12. quantumfaith

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    OR, that is not precisely true. Those who acknowledge some degree of free will (differing from the definition provided by the reform position) interpret them differently and see quite often the context differently. They (we) just simply see things differently than do you and your colleagues.
     
  13. quantumfaith

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    Morseop, help me out. I am inclined to agree that using Joshua's speech and admonition as a "prooftext" coup de grace is a stretch. I think the message and intention was simple, a challenge to the nation to decide who the nation would serve, worship and acknowledge as God. Where in the old testament are we taught or instructed as to re-generate and non-regenerate hebrews?
     
  14. OldRegular

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    No! It is not consistent with Arminianism. The passage is very clear:

    Acts 13:48. And when the Gentiles heard this, they were glad, and glorified the word of the Lord: and as many as were ordained to eternal life believed.

    as many as were ordained to eternal life believed.

    Nothing here fits the freewill's erronrous understanding of "foreknowledge" or election. Strange isn't it? Some freewillers who deny the omniscience of God are perfectly happy to apply it to their erroneous understanding of "foreknowledge".
     
  15. mandym

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    I appreciate your honest question. No one has yet to give a reasonable answer to it. I look forward to see if one comes along.
     
  16. Winman

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    This verse does not say a person was ordained to believe, it says those who believed were ordained unto eternal life.

    If your interpretation was correct, it should have said, "and as many as were ordained to believe had eternal life".

    You actually interpret this verse to say the exact opposite of what it is really saying.
     
  17. MorseOp

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    1 Kings 19:18 is wonderful passage of scripture that displays a difference between non-regenerate Hebrews and regenerate Hebrews.

    While this passage does not say that these 7,000 were regenerate, Paul quotes Isaiah, who wrote:

    In the Tanakh "remnant" is normally interpreted as true believers in Yahweh.

    We also know, again from Paul's writings, that salvation during the Old Covenant was granted just as in the New Covenant.

    So, really, it is similar to today. There were "religious" Hebrews just as there are religious people today; but they are no more saved than a bag of rocks (2 Timothy 3:5). It is the remnant, those on the narrow road (Matthew 7:14), that inherited eternal life under the Old Covenant and who inherit eternal life under the New Covenant.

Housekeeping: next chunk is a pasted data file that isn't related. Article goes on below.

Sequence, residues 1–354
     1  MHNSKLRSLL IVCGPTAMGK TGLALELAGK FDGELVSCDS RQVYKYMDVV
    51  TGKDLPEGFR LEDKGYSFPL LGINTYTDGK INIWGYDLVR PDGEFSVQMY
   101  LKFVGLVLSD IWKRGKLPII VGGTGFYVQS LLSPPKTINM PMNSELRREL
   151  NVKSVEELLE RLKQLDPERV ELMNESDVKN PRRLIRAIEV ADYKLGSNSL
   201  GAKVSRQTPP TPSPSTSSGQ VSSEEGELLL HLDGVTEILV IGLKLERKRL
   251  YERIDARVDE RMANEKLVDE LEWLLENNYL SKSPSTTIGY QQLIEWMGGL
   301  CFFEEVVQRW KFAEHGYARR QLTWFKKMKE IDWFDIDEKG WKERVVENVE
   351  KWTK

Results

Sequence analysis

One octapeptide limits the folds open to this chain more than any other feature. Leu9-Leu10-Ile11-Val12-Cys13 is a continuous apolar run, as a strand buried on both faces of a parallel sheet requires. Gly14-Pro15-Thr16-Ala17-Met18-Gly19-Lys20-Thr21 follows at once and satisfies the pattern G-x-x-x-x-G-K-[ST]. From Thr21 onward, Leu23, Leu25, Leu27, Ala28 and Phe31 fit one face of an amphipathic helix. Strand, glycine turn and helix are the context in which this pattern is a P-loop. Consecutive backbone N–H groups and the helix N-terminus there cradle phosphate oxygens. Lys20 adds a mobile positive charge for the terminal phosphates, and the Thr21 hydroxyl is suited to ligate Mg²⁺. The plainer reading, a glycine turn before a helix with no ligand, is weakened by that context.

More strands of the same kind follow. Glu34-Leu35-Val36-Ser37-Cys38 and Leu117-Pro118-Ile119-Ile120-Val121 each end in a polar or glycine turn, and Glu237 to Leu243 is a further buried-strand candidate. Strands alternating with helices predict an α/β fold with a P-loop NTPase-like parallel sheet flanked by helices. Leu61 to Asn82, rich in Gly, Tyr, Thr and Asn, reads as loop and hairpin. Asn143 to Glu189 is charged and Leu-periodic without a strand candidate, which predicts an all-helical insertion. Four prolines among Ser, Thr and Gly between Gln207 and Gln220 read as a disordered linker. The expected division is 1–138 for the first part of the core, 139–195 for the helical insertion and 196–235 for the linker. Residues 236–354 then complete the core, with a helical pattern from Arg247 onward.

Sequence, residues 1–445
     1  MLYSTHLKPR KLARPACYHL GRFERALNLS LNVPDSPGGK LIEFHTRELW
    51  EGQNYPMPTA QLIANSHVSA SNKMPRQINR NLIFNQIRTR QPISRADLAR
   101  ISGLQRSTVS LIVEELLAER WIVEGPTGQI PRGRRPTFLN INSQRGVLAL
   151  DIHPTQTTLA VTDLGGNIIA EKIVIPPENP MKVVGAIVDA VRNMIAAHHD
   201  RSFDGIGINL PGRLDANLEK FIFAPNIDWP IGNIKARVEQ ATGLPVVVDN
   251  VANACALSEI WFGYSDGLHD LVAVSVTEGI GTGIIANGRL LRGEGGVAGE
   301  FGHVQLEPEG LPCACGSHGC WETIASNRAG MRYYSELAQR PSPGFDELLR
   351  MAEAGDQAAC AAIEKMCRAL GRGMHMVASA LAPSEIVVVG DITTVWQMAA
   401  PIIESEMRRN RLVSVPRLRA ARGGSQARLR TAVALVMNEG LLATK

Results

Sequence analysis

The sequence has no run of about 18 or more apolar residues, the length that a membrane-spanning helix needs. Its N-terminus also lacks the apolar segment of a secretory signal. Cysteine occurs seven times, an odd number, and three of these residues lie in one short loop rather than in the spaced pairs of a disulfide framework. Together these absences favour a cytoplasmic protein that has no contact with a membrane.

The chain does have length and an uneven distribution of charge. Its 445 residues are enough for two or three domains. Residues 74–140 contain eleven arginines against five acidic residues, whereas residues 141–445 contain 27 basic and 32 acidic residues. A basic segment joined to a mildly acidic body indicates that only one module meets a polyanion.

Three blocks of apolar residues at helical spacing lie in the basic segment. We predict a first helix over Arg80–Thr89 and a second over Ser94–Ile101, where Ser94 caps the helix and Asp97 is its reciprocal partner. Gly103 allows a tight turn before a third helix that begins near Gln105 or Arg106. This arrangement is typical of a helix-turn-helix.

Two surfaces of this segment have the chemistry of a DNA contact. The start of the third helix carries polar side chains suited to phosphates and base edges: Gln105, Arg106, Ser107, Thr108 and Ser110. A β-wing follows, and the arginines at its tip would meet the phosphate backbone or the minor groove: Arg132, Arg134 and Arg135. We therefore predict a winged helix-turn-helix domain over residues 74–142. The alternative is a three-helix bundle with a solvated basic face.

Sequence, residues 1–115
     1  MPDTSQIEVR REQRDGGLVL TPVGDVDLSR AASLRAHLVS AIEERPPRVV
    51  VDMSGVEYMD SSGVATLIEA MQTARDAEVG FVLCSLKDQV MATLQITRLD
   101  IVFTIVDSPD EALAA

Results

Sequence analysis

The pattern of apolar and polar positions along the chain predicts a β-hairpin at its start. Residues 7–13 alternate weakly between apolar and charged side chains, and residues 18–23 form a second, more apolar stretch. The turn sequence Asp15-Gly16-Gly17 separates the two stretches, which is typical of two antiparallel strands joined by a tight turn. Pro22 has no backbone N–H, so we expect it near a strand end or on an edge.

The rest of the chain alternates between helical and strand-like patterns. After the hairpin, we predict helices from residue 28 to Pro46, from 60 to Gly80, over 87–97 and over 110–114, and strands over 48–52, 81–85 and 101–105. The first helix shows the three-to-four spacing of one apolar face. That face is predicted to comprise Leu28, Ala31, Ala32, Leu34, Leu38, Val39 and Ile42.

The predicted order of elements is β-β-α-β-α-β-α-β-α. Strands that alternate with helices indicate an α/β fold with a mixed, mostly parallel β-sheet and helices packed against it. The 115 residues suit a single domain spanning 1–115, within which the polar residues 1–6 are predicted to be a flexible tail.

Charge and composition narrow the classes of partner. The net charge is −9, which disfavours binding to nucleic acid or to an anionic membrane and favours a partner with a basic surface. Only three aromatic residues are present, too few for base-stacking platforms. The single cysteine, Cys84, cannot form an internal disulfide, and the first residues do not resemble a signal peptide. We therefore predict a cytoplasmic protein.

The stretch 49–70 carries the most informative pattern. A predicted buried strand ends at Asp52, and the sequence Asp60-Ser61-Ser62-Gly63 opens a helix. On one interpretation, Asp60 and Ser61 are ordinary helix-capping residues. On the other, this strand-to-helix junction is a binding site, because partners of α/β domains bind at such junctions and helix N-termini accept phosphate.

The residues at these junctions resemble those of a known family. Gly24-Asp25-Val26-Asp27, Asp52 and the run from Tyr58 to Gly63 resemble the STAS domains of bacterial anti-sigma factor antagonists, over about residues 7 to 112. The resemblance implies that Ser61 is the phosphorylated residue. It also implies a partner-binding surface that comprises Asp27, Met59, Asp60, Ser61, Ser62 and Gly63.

18. Winman

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    Very discerning SN, you hit the nail on the head. If Joshua was speaking to the regenerate, they could not possibly choose to follow false gods, and if Joshua was speaking to the unregenerate, they could not possibly choose to follow God (in the Reformed view).

    So, they must explain this scripture away as you see they attempt to do.

    Calvinism is always on the defensive like this, because so much Calvinism contradicts scripture, and even common sense. They are forced to make fantastic and illogical arguments, redefine words, etc... It is obvious to everyone except Calvinists themselves.
     
  19. quantumfaith

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    I guess my question is with the language of "re-generate" as I would think that would only apply to those following the advent of Christ. I completely agree that there were most certainly devout believing jews and of course non-participants, and everything in between. But myself, being of the "synergistic" bent, would say that this primarily is still within the realm of mans choices. Yes I agree, how could I not, that God says HE would keep 7000 who would not bow to baal, He is God and certainly capable and permitted to do whatever HE does, even so, in my mind it is in now way detrimental to man being obligated to choose to love, honor and follow YHWH.
     
  20. MorseOp

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    I guess I did not completely understand your question.

    If God is going to maintain a remnant, how can He be so confident in that assertion if the fulcrum of salvation is man's choice? God was not playing the odds, hoping that His planned remnant would survive. How could He know there would be a remnant unless it was something God decreed? If God decrees, "I am going to have a remnant, but it depends on some individuals choosing to be part of it" how is that really a decree?

    Isaiah 14:27 27 "For the LORD of hosts has planned, and who can frustrate it? And as for His stretched-out hand, who can turn it back?"

    Actually, this verse from Isaiah is a great proof-text against the argument that God changes His mind. But I digress.

    If God decrees something it must, by necessity, come to pass. If it must come to pass than no man can thwart it (Job 42:2). Yet, we know that man does play a roll in a godly remnant being preserved. Monergists agree with synergists that man chooses God with his free will. Where we separate with synergists is that we believe man's will has been liberated first by God (Eph. 2:4, 5). Once liberated man chooses God freely. Ergo, the integrity of God's decree is maintained.